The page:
21 October 2015

Aeschylus and Euripides and Junia and the Gestapo

To a very fine seminar last Monday, led by Jas Elsner. As many readers will know, Adolf Hitler was by far the most significant benefactor of the Oxford Classics Faculty (called Litterae Humaniores) in well over a century. In the 1930s, Oxford became the home to many of the finest Classicists from the German universities: such as Eduard Fraenkel, 'the World's greatest Latinist' who (not without some opposition) walked straight from his Freiburg Chair into the Corpus Professorship. Elsner (who has clearly been spending a lot of time in the Corpus archives) showed that in his monumental Commentary on the Agamemnon, especially in the figure of Cassandra and in the fate of Agamemnon, Fraenkel's 'strictly philological' treatment of the ancient text is in fact constantly marked by the Holocaust experiences of European Jewry (Fraenkel was a Jew). And, in Pfeiffer's History of Classical Scholarship, largely written during the War, Ptolemy VIII, under whom the great men of the Learned City of Alexandria fled in what came to be called the secessio doctorum, is clearly framed as a Type of Hitler.

It is salutary sometimes to recollect upon ones good fortune; Fraenkel and Pfeiffer had been pupils of the 'legendary' Ulrich von Wilamowitz-Moellendorf ... what an Apostolic Tradition we callow and naive undergraduates of the 1950s and 1960s were privileged to be admitted to!

And the paradosis continues. Last Friday I went to an undergraduate performance of the Hippolytus in Oriel College (the quadrangle used was once the St Mary's Hall of which Cardinal Allen was Principal). Rather ... undergraduate; twenty minutes late starting because they couldn't get the patio heater to light up! But the Greek text was faultlessly learned (or should I mention that just occasionally the iambs sounded a trifle ... iambic) and vigorously delivered and the tragic conclusion really did grip the (albeit slightly chilled) audience. Oh, the charming, touching innocence of the young ... I bet none of them knew that Hippolytus was also the name of somebody who didn't write the text which Botte and Bouyer so lamentably adapted into that dreadful Eucharistic Prayer, their bibulous pencils dancing frantically as they drafted their opus on the terrace of a trattoria in the Trastevere while the Phaedras of the Night minced up and down. And I bet the young people also didn't know, when they got to the line describing Aphrodite as episemos en brotois, that this is a line detested by feminists because grammatically it rather subverts the daft claim that there ever was a 'Female Apostle' called Junia.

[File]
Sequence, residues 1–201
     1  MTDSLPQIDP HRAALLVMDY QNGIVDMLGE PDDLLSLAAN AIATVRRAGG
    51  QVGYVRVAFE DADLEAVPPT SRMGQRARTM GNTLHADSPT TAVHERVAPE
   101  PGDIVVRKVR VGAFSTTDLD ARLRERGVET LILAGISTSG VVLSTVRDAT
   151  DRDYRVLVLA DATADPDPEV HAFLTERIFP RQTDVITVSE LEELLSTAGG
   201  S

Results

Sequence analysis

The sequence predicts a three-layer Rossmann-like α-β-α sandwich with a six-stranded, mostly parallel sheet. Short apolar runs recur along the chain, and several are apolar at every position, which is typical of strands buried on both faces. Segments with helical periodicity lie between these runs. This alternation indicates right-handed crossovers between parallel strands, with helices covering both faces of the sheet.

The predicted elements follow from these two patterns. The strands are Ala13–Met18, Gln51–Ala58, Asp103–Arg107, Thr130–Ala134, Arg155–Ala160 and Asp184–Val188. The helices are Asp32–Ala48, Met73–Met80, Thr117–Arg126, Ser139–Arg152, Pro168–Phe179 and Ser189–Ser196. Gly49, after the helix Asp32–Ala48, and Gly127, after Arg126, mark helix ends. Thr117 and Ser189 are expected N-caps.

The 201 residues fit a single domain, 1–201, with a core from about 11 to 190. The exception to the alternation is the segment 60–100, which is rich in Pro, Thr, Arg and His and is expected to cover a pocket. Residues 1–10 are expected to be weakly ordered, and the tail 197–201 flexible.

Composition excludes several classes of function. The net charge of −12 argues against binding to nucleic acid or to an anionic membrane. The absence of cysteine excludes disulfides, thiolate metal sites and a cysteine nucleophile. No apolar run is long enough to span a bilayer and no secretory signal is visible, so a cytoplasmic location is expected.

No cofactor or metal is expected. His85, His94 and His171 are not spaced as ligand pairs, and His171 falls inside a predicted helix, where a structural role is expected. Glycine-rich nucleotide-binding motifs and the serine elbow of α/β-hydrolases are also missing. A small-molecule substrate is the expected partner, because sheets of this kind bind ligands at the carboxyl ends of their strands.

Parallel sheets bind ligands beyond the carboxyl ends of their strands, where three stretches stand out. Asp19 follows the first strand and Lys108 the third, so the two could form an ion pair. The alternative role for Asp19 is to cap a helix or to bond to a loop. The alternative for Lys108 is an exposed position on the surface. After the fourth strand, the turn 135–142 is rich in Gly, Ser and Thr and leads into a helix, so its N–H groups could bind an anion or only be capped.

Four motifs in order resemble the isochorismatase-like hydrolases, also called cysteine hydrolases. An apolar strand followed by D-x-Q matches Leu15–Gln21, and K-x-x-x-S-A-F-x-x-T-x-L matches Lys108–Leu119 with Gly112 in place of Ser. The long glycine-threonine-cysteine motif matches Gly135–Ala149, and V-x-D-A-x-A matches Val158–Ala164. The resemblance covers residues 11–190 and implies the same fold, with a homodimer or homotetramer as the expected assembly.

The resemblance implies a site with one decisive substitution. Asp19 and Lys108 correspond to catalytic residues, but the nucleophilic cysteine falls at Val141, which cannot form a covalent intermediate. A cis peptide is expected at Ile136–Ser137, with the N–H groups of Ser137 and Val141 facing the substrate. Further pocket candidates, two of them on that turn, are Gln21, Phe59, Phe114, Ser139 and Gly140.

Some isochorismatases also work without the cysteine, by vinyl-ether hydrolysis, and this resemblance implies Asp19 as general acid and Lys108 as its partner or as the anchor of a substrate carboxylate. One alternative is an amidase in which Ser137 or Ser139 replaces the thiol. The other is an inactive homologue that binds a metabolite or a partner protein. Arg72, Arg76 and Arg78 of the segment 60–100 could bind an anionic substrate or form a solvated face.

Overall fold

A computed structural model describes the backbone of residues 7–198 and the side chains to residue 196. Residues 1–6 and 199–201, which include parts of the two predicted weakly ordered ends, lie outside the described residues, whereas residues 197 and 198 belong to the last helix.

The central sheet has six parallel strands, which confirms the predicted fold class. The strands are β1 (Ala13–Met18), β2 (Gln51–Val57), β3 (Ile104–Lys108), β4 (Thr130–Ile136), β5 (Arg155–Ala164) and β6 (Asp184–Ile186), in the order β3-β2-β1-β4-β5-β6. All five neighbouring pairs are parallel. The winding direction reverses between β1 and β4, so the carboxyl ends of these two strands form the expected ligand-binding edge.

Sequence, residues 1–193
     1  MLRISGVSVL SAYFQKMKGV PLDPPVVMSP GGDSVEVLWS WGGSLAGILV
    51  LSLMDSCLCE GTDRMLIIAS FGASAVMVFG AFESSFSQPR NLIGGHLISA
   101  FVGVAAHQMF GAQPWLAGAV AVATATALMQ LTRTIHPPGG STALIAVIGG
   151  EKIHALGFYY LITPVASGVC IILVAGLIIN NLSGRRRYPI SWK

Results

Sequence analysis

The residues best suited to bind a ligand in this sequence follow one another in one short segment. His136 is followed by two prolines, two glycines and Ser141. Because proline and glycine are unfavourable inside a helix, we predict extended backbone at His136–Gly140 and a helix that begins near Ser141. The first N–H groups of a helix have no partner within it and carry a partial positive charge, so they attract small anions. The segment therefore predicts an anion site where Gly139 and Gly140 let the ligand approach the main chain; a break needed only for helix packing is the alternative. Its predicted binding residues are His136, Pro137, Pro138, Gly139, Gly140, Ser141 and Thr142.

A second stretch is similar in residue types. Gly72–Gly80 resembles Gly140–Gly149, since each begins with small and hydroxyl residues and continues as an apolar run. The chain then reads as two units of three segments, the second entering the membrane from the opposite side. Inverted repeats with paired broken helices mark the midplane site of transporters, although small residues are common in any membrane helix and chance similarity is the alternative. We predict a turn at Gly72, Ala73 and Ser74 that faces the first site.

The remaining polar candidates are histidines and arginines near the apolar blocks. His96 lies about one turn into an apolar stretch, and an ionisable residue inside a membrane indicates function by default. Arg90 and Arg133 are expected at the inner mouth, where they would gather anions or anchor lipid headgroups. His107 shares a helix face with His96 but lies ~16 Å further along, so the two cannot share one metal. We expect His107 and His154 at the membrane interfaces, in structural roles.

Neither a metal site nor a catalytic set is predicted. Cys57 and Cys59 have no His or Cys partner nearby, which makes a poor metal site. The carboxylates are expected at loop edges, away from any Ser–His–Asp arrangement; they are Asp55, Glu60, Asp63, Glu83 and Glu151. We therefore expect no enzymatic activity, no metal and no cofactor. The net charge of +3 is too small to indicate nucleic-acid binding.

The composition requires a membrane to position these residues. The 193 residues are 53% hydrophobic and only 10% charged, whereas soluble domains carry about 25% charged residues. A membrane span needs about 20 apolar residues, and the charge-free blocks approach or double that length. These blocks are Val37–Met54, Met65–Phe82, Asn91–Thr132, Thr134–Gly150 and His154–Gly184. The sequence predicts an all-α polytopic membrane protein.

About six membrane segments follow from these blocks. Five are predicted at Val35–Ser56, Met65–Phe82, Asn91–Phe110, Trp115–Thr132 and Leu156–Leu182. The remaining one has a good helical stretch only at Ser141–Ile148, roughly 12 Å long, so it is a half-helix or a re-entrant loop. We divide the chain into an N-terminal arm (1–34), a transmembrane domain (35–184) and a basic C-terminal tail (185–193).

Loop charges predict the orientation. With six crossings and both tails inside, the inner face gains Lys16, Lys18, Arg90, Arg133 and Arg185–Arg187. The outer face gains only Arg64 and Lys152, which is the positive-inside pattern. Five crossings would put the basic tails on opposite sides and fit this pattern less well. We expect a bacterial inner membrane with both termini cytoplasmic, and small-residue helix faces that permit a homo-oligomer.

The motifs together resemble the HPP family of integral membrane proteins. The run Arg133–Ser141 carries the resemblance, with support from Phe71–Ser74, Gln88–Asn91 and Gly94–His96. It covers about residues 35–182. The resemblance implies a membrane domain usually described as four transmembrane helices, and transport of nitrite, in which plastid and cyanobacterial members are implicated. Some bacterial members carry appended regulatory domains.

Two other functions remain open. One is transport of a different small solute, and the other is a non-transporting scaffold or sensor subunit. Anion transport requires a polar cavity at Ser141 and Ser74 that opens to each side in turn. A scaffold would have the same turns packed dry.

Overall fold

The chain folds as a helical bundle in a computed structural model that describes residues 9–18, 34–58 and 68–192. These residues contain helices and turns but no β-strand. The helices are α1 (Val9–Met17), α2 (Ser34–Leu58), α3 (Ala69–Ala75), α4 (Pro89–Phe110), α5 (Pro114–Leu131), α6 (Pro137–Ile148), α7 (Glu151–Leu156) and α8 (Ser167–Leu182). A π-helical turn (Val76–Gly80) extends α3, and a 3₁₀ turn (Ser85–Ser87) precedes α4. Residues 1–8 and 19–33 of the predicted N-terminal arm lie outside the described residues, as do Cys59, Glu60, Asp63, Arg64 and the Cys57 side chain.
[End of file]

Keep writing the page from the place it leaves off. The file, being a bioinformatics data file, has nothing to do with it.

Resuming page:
Good thing they didn't know ... the feminist Thought Police or the genderist Gestapo might have demanded its excision ...

Quaeritur ... if anyone's interested ... after the Hippolytus I watched the old 1962 film version, entitled Phaedra, with the myth transposed to a modern Greek ship-owning family ... Melina Mercouri as Phaedra, score by Theodorakis, you name it. Beta plus question-mark plus, I thought. The Wikipedia entry said it was popular in Europe, but a box-office flop in the US of A. I wonder why?


2 comments:

Patrick Sheridan said...

In Phaedra the hero acts as though he is jealous. But a modern man whose wife had said, "I've had an affair with your son," would say, "oh, you are a scream, what was it like?"

Belfry Bat said...

I think it more interesting that Paul doesn't use "apostle" to mean "cleric". He speaks of his own clerical office by the term "ancient" or "elder". I mean, today, when we say "missionary", we don't necessarily mean clerics (often, but not always; not identically). And it's all very well to point out apostolic succession and apostolic sees (and The Apostolic See), but from a strict logic point of view, the designation refers to a see whose bishop was counted an Apostle. Both an apostle and a bishop. Even supposing Junia was a woman, even supposing Paul counted her a Missionary of Christ's own sending, that doesn't mean she's part, or medium, of the succession. We have at least two words in the very philosophical Greek, so they can mean different things.